Vince Esterman’s ministry in Paris continues as a new anti-evangelism law turns up the heat
Pastor Vince Esterman is no stranger to opposition. Within the last six years, his personal reputation and that of his church have been attacked in scathing exposés by the French press. The church and church movement he founded have been branded an “evangelical cult” in a government commission report.
Most recently, with the passage of a new law hampering religious freedom, he risks imprisonment for sharing the gospel in a nation known for its motto: “Liberty, Equality and Brotherhood.”
But despite the opposition, Esterman has planted a new church in Paris and shares his faith every week on its public squares and boulevards. “We are more determined than ever to win the battle for France,” he told Charisma.
Born to French parents but raised in Australia, Esterman became a believer at age 15. After committing his life to the ministry, he wanted to serve God in a more populated region.
“Since I was a French citizen and spoke the language, France seemed like the perfect place,” he said.
In 1986 he and wife, Denise, moved to France where he pioneered a church of 300 in a Paris suburb and founded a network that established 30 churches in the country. Opposition followed when, on a Sunday in February 1995, journalists from Le Parisien, a popular French newspaper, appeared unannounced at Esterman’s church and took photographs and conducted interviews.
A reporter told Esterman the paper was featuring different kinds of churches in France. The pastor found a different story in the next Tuesday’s paper.
The headline “What Is Christian Life Hiding?” was followed by articles that challenged the credibility and financial integrity of Esterman and the church and accused him of breaking up the marriage of one of his members. More articles and TV reports followed.
Things got worse when a mass suicide in Switzerland among members of a sect with ties to France prompted the French government to name a parliamentary commission to report on cult activity in the country. The commission listed 172 groups in France as cults.
“To our horror, we were named an ‘evangelical cult that practices healing,'” Esterman said. “Their only proof were the newspaper articles. We had no opportunity to defend ourselves.”
Some French leaders, sociologists and members of the press questioned the report, which was researched and written in just six months under intense public pressure. They doubted the validity of the commission’s investigative procedures. Esterman’s attempts to change the commission’s report were unsuccessful.
Esterman spent five years trying to clear his name. His last appeal, to the office of President Jacques Chirac, was a dead end. “I have a letter from the [president’s] chief of staff stating that he ‘has no doubt of the legitimacy of my position as a pastor, but that neither he nor anyone else could…take our name off that report.'”
Esterman changed the name of his church network, but he is still branded a cult leader on some French Web sites. The commission’s findings stand as the definitive report on cults in France.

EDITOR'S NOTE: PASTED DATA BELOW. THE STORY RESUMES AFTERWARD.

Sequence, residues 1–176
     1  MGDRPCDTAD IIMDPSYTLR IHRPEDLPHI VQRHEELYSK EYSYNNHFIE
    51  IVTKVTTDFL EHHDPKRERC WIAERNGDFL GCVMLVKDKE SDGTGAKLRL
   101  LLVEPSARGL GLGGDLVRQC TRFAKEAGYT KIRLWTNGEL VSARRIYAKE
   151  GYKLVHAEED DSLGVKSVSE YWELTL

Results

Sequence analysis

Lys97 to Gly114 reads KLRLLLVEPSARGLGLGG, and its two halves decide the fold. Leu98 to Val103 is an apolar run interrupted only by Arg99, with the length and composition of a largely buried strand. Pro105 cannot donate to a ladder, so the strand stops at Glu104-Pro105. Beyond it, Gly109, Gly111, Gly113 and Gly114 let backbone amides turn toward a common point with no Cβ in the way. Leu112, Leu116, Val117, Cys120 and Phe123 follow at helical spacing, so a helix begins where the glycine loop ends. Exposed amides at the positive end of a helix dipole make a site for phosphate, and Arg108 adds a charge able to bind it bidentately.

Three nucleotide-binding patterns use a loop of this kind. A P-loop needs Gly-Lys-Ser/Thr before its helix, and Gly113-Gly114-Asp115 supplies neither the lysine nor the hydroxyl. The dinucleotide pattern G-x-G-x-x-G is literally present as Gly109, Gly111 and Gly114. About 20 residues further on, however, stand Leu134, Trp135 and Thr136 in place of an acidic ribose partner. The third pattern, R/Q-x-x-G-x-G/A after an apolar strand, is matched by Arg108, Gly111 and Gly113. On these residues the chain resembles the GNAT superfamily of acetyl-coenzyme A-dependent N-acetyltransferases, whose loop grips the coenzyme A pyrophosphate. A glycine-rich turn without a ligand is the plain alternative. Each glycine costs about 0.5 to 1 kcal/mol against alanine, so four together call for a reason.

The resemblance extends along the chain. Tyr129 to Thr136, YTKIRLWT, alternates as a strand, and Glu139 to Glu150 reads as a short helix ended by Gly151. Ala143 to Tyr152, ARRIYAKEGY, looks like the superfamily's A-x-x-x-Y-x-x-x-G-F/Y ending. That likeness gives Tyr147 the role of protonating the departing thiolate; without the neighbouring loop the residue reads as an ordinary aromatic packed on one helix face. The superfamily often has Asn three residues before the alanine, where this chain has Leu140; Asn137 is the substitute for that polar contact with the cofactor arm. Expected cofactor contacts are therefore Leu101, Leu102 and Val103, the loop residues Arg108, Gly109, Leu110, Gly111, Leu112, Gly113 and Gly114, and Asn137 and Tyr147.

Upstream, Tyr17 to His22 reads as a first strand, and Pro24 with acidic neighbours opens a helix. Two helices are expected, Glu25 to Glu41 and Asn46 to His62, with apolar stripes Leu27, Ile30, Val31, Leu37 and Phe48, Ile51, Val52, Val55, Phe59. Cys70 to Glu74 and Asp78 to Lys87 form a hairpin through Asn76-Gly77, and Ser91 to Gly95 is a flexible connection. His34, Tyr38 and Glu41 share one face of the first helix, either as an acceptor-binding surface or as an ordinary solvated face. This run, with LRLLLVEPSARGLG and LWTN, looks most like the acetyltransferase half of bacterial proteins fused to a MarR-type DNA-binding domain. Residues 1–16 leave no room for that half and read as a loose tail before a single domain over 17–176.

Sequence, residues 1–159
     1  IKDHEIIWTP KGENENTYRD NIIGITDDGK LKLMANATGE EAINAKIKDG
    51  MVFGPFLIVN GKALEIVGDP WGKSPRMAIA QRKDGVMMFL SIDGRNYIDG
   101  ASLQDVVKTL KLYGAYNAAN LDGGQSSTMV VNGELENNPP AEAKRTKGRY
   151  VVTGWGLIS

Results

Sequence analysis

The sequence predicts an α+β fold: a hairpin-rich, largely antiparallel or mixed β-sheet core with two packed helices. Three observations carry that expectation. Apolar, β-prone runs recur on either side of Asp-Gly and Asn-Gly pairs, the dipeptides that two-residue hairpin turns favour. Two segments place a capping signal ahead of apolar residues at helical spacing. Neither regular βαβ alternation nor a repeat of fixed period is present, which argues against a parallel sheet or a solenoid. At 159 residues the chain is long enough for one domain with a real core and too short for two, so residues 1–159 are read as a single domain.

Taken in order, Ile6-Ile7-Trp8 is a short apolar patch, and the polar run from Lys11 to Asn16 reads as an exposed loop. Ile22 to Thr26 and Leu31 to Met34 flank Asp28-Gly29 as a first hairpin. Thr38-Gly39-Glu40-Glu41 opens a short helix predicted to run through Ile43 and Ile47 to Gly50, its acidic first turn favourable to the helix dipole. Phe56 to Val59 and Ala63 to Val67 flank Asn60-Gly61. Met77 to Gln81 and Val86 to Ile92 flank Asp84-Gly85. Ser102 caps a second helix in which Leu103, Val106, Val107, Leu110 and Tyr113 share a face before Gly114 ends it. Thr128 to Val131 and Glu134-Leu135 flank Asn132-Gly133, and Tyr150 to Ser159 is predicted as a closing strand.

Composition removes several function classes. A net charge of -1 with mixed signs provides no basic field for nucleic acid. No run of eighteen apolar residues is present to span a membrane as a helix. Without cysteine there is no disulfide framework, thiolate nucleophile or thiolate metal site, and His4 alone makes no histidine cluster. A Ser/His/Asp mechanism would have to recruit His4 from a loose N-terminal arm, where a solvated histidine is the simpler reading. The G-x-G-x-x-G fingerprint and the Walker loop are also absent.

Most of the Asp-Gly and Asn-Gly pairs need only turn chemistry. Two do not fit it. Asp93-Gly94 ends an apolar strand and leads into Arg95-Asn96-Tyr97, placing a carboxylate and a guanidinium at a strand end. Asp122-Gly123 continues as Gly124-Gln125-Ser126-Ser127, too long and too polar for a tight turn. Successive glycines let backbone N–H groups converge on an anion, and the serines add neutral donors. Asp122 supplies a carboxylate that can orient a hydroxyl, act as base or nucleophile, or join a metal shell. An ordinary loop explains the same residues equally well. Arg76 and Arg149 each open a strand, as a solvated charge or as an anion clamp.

Many believed that legislative action in the form of the About-Picard Bill–introduced to the French National Assembly to protect the French public from “proselytizers, sects and cults” (including those defined as evangelical cults)–only capitalized on the widespread media coverage and the disputed commission findings.
Organizations that included the Parliamentary Assembly of the Council of Europe, the Protestant Federation of France, and Human Rights Without Frontiers voiced concern over the bill. Despite pleas from 14 European countries to postpone the vote, it became law in May of this year.
Under the law, conviction of the crime of “mental manipulation”–a term that was left open to interpretation–carries fines and up to five years imprisonment. Charismatic-evangelical churches are especially vulnerable to prosecution under the law.
“Many evangelical practices, particularly charismatic expressions, will be targeted and interpreted as manipulation of minors and weak people,” Esterman said. “For example, fasting will be seen as deprivation of food; baptism as initiation rites; speaking in tongues as hysteria; healing as preying on the weak; tithing as exploiting gullible people; biblical morality as intolerance; deliverance as psychological trauma; and worship as inducing mass emotional manipulation.”
According to Esterman, with the law in place these Christian practices now can be successfully prosecuted in court, church leaders can be jailed, and churches can be disbanded.
Just months before the report was made public, Esterman turned his church over to an associate so he could pioneer a new work, Paris Gospel Church, which today has 100 members. Esterman believes that as his new church grows, he will become a target again. But that doesn’t keep him from pressing on.
In fact, he ministers on the streets twice weekly through sketch-board art, appealing to the curiosity, intelligence and humor of the French. In the last 15 years, he has preached to at least 35,000 people and has won converts to his church with this approach.
“The first time I went out with my sketch board, I spelled God’s name wrong,” he recalls. “I felt so bad until a woman with tears in her eyes said that she would like to believe in God the way that I do.”
According to Esterman, France is “a bastion of humanistic philosophy, arrogance, pride and rationalism.”
“But we’re dealing with ordinary people who have human hearts, which can be touched,” he added. “And the human heart is one area that French society cannot control.”
–Jeff Slaughter in Paris